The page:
My Department issued statutory Guidelines to Planning Authorities on Quarrying and Ancillary Activities in April 2004, to which planning authorities and the Board must have regard when considering a planning application for a quarry. The Guidelines include planning guidance on the attachment of appropriate conditions to quarry-related permissions.

The Environmental Protection Agency (EPA), which is under the remit of my colleague, the Minister for Communications, Climate Action and the Environment, published guidelines in 2006 on Environmental Management in the Extractive Industry, which complement the 2004 Quarry Guidelines issued by my Department and include advice on the management of environmental issues associated with blasting in quarries, such as pollution, noise and vibration.

Furthermore, the Health and Safety Authority (HSA) is responsible for the enforcement of health and safety in the workplace, including specific requirements in relation to the use of explosives in the extractive industry under the Safety, Health and Welfare at Work (Quarries) Regulations 2008 and its associated guidance. The HSA is under the remit of my colleague, the Minister for Business, Enterprise and Innovation.

Cyber Security Protocols

Ceisteanna (1984)

Jack Chambers

Ceist:

1984. Deputy Jack Chambers asked the Minister for Housing, Planning and Local Government if there are dedicated, professionally trained and certified cybersecurity staff in relation to cybersecurity protocols under the remit of his Department; if such specialists are being recruited; if his Department maintains a risk register of security breaches; if so, if there are staff that analyse, log and maintain such a register; and if he will make a statement on the matter. [36231/19]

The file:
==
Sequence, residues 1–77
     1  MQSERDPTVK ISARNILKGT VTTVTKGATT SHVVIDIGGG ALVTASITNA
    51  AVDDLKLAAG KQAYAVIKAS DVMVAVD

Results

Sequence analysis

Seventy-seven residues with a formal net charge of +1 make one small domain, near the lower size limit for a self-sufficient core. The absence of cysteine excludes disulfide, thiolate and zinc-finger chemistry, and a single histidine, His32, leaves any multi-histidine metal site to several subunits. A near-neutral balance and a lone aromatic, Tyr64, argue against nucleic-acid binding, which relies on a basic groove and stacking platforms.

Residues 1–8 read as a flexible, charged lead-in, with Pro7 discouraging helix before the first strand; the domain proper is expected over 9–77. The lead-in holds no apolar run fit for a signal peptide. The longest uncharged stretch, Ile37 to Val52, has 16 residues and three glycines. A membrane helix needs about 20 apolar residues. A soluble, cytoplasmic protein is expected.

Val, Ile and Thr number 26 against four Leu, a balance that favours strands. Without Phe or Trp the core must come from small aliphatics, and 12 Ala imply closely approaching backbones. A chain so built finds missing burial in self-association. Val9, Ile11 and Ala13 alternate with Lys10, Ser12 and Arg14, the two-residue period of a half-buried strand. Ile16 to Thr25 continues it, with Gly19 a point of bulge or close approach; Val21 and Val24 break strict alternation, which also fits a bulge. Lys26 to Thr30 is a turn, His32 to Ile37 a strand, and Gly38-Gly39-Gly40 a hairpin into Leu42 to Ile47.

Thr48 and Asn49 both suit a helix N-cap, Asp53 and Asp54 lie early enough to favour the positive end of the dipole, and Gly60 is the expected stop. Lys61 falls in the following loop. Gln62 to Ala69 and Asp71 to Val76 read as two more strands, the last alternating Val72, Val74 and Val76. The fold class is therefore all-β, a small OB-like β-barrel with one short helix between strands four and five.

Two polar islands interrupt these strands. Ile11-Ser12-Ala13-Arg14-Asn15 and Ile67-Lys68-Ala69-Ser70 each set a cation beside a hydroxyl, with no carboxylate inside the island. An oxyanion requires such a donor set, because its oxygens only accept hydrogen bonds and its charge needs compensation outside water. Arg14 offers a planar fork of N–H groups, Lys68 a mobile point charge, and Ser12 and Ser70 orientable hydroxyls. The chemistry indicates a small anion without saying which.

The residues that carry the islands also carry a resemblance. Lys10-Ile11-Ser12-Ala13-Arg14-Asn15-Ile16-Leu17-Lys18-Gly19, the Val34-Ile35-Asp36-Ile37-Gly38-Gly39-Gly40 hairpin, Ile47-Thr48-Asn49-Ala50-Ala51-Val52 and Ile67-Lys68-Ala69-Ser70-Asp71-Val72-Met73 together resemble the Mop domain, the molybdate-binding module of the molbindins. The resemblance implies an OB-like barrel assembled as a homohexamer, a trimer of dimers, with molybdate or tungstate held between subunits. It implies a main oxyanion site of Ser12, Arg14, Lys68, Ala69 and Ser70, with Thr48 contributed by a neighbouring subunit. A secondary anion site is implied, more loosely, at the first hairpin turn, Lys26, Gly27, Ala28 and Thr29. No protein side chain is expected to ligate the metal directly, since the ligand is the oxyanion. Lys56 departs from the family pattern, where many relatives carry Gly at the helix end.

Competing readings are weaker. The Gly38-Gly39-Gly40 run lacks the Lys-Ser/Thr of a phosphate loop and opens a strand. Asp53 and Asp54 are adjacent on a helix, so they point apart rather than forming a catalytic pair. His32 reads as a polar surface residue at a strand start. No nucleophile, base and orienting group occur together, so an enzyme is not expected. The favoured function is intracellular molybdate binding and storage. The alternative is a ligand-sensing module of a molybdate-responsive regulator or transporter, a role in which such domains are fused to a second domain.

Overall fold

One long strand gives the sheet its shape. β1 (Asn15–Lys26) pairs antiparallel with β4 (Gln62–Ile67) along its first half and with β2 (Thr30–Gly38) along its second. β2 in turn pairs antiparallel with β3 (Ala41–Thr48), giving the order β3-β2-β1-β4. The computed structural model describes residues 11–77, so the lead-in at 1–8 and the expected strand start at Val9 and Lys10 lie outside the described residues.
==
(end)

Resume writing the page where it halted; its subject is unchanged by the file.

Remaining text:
Amharc ar fhreagra

Freagraí scríofa (Ceist ar Housing)

Cyber security specialists are of critical importance in ensuring the confidentiality, integrity and availability of an organisation's systems, files and data. My Department employs dedicated, professionally trained and certified cybersecurity staff and staffing levels are kept under ongoing review. The Department co-operates fully with the National Cyber Security Centre and implements its recommendations. A new Departmental Cyber Security Strategy 2019-2021 is currently being finalised.

For security reasons, my Department does not comment on details of its ongoing cyber security management, but regular reviews and monitoring of risk are part of the management process.

Departmental Operations

Ceisteanna (1985)

Jack Chambers

Ceist:

1985. Deputy Jack Chambers asked the Minister for Housing, Planning and Local Government if his Department has a disaster recovery plan, business continuity plan and or disaster recovery sites; and if he will make a statement on the matter. [36247/19]

Amharc ar fhreagra

Freagraí scríofa (Ceist ar Housing)

My Department has ICT Disaster Recovery and Business Continuity plans which would be invoked in the event of any incident that impacts service delivery. My Department also has Disaster Recovery sites. ICT applications will fail over to designated sites on occasions where the main site is not operational. The Department keeps such matters under ongoing review.